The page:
While there are plenty of critical editions of literary titles on the market and an overabundance of Lovecraft collections, there is surprisingly no critical edition of Lovecraft available. The closest we have are a couple of annotated collections. My book hopes to address that lack.

It does.

3) Why do I write what I do? 

I write stories that I want to read but are not available. When I began Guns, it was because I really wanted to read a Western Arthur story. I couldn't believe no one had done it yet. 

I wrote Emily's Stitches because I wanted a good, Southern lit story collection that worked together as a novel. I know there are a few collections like this out there, but at the time I wrote it, I couldn't find them. I began it in the mid-nineties, before Google. Thank goodness, or I may not have taken up the project, and I'm pretty damned proud of it.

As I mentioned above, no one has attempted a critical edition of Lovecraft yet. We have collections of essays, and he have collections of his stories, but no collections of both.

Now we do.

4) How does your writing process work?

Mostly I write in the car. I have a long commute, so I spend a lot of time thinking about where I'm at in the story, where I want to get to, and how I can get there. When I actually do sit down to write, it is a lengthy process. I may only get 500 - 600 words done in a day of writing (1,000 if it's a particularly good day). I begin by re-reading what I last wrote and then I start writing. What takes up the most time, though, is spur-of-the-moment research. For example, last week I was writing a scene that takes place in a boy's bedroom, but I had no idea what kind of things would be in the 19th century bedroom of a teenaged boy (I'm sure there were no wodden Xboxes, after all). That research took over an hour, and I found a lot of things, but I couldn't use them all. Then I had to get the wording right, so it took about two hours for me to write four sentences:
They were in what appeared to be a bedroom; after a count of a hundred and no evidence of movement in the rest of the house, Gary Wayne crawled around the single wood-framed rope bed to investigate the room, finding only a few possessions: a sling shot, a sharpening stone, and a tarnished Barlow knife.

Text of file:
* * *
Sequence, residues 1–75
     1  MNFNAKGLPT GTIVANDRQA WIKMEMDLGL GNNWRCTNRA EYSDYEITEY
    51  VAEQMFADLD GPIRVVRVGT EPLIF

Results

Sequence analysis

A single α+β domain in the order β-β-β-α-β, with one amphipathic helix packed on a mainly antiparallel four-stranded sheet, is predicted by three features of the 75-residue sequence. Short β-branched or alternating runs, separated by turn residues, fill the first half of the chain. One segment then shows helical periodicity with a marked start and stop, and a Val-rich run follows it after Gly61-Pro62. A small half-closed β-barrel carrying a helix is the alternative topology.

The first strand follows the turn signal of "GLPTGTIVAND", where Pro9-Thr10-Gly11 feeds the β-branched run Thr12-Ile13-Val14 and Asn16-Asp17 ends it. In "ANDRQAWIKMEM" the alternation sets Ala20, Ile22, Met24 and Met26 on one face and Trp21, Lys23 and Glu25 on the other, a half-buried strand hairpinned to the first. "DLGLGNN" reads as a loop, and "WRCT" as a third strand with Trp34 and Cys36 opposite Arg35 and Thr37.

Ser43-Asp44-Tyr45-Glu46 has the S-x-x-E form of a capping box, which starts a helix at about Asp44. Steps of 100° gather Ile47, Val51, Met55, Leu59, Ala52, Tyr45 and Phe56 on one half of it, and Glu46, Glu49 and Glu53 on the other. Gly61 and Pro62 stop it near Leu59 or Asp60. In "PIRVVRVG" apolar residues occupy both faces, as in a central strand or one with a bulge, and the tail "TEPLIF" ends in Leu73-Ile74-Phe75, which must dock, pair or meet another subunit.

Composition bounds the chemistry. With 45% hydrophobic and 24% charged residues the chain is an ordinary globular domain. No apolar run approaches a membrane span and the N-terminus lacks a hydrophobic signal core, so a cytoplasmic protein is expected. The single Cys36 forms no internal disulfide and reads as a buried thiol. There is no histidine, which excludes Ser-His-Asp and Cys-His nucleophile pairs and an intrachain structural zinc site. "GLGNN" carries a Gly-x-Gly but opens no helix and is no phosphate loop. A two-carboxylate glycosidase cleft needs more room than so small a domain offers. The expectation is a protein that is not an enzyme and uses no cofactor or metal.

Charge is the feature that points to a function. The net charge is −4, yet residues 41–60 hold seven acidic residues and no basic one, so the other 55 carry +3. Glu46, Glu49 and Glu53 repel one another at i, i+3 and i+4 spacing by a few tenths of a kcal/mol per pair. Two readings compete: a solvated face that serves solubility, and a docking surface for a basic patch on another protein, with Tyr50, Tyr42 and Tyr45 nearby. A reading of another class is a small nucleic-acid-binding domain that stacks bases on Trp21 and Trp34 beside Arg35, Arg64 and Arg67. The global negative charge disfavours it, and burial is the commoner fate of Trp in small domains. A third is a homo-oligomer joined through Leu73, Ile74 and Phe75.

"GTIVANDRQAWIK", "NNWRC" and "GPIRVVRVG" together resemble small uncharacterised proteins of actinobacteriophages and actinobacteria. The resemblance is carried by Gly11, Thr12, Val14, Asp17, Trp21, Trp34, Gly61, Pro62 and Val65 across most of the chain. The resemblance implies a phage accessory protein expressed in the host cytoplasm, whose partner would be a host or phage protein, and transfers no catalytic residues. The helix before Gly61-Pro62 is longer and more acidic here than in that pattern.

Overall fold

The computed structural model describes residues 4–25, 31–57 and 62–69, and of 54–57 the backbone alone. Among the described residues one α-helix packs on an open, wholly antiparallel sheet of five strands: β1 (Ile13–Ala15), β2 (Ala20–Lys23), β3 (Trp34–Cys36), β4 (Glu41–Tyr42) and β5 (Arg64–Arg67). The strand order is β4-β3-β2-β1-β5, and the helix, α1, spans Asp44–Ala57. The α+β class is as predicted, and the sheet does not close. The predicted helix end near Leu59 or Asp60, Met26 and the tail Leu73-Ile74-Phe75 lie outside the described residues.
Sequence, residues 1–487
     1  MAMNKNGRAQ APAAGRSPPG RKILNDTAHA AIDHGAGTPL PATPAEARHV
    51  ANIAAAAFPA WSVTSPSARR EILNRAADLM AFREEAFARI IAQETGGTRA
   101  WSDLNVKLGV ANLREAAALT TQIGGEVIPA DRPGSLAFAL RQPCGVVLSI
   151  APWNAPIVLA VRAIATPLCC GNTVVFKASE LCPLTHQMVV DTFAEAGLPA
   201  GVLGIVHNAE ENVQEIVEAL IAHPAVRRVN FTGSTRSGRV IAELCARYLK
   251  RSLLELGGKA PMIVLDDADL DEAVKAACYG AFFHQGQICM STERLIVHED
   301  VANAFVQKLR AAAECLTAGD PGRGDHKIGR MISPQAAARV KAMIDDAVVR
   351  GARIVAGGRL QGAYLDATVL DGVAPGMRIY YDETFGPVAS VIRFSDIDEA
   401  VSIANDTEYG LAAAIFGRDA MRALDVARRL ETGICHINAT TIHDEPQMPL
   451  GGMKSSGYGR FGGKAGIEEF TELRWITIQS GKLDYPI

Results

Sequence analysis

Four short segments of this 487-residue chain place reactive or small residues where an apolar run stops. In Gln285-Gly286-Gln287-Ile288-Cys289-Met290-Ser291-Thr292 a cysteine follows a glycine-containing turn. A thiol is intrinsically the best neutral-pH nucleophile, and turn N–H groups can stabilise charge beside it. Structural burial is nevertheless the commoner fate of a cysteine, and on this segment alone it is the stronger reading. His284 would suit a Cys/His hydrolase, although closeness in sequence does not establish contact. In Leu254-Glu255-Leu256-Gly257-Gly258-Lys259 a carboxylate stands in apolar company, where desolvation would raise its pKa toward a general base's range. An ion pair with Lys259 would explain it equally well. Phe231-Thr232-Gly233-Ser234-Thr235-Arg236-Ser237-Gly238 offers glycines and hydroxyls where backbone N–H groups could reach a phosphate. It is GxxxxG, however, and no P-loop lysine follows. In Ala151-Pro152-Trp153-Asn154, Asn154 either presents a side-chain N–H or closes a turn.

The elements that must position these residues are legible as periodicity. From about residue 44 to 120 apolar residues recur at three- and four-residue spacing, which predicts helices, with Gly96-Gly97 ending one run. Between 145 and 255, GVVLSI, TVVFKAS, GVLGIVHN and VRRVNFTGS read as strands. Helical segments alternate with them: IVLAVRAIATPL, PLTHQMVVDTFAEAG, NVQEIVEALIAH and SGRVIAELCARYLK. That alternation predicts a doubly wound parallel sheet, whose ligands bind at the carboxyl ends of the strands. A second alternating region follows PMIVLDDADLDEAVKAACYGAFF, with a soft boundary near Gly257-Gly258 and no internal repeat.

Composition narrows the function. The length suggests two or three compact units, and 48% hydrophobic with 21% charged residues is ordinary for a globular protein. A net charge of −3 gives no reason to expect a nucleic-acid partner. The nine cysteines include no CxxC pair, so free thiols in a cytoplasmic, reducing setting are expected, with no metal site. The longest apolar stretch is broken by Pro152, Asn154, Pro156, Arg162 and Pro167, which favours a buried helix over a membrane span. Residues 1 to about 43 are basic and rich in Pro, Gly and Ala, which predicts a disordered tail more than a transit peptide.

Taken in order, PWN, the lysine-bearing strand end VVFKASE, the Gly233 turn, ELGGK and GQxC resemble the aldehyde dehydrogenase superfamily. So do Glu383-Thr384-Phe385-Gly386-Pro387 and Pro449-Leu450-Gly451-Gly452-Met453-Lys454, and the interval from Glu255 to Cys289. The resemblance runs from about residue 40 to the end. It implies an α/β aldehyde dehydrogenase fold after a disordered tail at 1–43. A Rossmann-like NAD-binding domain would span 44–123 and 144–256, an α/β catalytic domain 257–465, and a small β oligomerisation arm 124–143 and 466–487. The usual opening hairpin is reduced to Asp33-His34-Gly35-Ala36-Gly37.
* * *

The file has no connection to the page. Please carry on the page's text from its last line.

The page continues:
“It’s the kid’s room,” he whispered, rummaging under the sagging and faded straw mattress, “This cinches it.” Gary Wayne tossed a heavily thumbed Montgomery Ward catalog on Boris’ side of the bed. It fell open to women’s undergarments.
I prefer to write at night, but this is not always possible given my work schedule. Mostly, I write when I can, where I can. Recently my primary writing place has been my office at work after my Wednesday night class is done. 

Nothing much has changed here, except that my new favorite place to write is my office at home and at my desk in the guest room I stay in during the week when I am working.


I also like to have music playing when I write, so I generally make a playlist specific to each piece I'm writing. For Emily's Stitches, it was a lot of Tom Petty, Tom Waits, and Tori Amos. I use a lot of Ennio Morricone, Mark Knopfler, and Brandi Carlile for Guns.

For the new Dracula story, I listened to a lot of The Rachels (a violin and percussion trio) as well as Jill Tracy's album Into the Land of Phantoms, which is the score to the re-release of the original silent film, Nosferatu.

So other than finishing some projects, continuing others, and moving on to still other, newer projects, I don't appear to have changed much in half a decade. 

What about you guys? Tell me in the comments.

Comments

Griselda Heppel said…
I had to look up the meaning of desinence! Never come across it before so I've learnt something. Great word.
Really interesting to look back at a stage in your writing career and see how things have changed/moved on. I fear if I did the same it would show me that life has moved on, in fact has intruded so largely into my writing life that the latter has suffered somewhat. Still, in 5 more years, who knows? Writing may have got the upper hand again. Yes!

Your idea of recasting Arthurian legend and other myths as Westerns is ingenious. The Western as a genre has gone out of fashion in the last decade or so but there are signs that it's coming back - which means your books will with any luck hit the crest of the wave.